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10.2 Processing Row-Specific Events

A very common application feature is to have one table with summary information (a master table) with each row linked to the details about the item in that row. The sample application uses this approach for selecting an individual report to work with. To implement this feature, you must figure out which master table row the user selected and make the corresponding details available for edit or display.

In the final version of the sample application, both the master table and the details are displayed on the same screen, but let's look at how to implement it using two screens first, so we can focus on one thing at the time. Figure 10-1 shows the first rough cut of the reports list screen, with the report titles as links to a report details screen.

Figure 10-1. Simple reports list screen
figs/Jsf_1001.gif

Example 10-1 shows the JSP page for this initial version.

Example 10-1. Reports list with links (expense/stage1/reportListArea.jsp)
<%@ page contentType="text/html" %>

<%@ taglib uri="http://java.sun.com/jsf/html" prefix="h" %>

<%@ taglib uri="http://java.sun.com/jsf/core" prefix="f" %>



<f:view>

  <h:form>

    <h:dataTable value="#{reportHandler.reportsModel}" var="report">

      <h:column>

        <f:facet name="header">

          <h:outputText value="Title" />

        </f:facet>

        <h:commandLink action="#{reportHandler.select}" immediate="true">

          <h:outputText value="#{report.title}" />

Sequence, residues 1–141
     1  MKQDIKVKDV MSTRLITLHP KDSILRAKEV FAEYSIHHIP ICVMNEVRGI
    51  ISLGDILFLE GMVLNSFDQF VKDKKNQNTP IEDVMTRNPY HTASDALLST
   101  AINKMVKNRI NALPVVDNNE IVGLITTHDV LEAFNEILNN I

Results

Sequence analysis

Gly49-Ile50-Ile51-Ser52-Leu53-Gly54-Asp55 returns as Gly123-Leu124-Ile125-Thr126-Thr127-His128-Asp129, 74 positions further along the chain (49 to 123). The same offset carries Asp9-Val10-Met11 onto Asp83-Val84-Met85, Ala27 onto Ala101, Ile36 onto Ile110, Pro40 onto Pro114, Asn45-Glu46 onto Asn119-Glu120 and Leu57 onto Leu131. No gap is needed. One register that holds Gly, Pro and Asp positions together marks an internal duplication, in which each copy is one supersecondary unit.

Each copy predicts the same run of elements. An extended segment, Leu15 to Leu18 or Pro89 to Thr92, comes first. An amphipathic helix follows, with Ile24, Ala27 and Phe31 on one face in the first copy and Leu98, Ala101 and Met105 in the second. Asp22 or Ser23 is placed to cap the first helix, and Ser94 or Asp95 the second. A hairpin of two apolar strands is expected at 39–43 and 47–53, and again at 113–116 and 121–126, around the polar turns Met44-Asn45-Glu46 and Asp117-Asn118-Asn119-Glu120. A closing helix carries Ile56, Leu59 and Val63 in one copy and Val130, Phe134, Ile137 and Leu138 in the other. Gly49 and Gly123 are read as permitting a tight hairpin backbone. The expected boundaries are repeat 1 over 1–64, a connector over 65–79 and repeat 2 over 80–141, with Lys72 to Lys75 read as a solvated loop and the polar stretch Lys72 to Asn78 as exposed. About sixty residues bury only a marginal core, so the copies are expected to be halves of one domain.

</h:commandLink>

      </h:column>

      <h:column>

        <f:facet name="header">

          <h:outputText value="Owner" />

        </f:facet>

        <h:outputText value="#{report.owner}" />

      </h:column>

      <h:column>

        <f:facet name="header">

          <h:outputText value="Dates" />

        </f:facet>

        <h:outputText value="#{report.startDate}">

          <f:convertDateTime datestyle="short" />

        </h:outputText>

        <h:outputText value=" - " />

        <h:outputText value="#{report.endDate}">

          <f:convertDateTime datestyle="short" />

        </h:outputText>

      </h:column>

      <h:column>

        <f:facet name="header">

          <h:outputText value="Total" />

        </f:facet>

        <h:outputText value="#{report.total}">

          <f:convertNumber pattern="#,###.00" />

        </h:outputText>

      </h:column>

      <h:column>

        <f:facet name="header">

          <h:outputText value="Status" />

        </f:facet>

        <h:outputText value="#{statusStrings[report.status]}"/>

      </h:column>

    </h:dataTable>

  </h:form>

</f:view>

Example 10-1 looks a lot like the read-only table example we saw earlier, but there are a number of important differences. The two most important differences are that the Title column uses an <h:commandLink> component for its value and that the <h:dataTable> action element's value attribute in Example 10-1 contains an expression that evaluates to an instance of javax.faces.model.DataModel instead of a List. These two differences are related.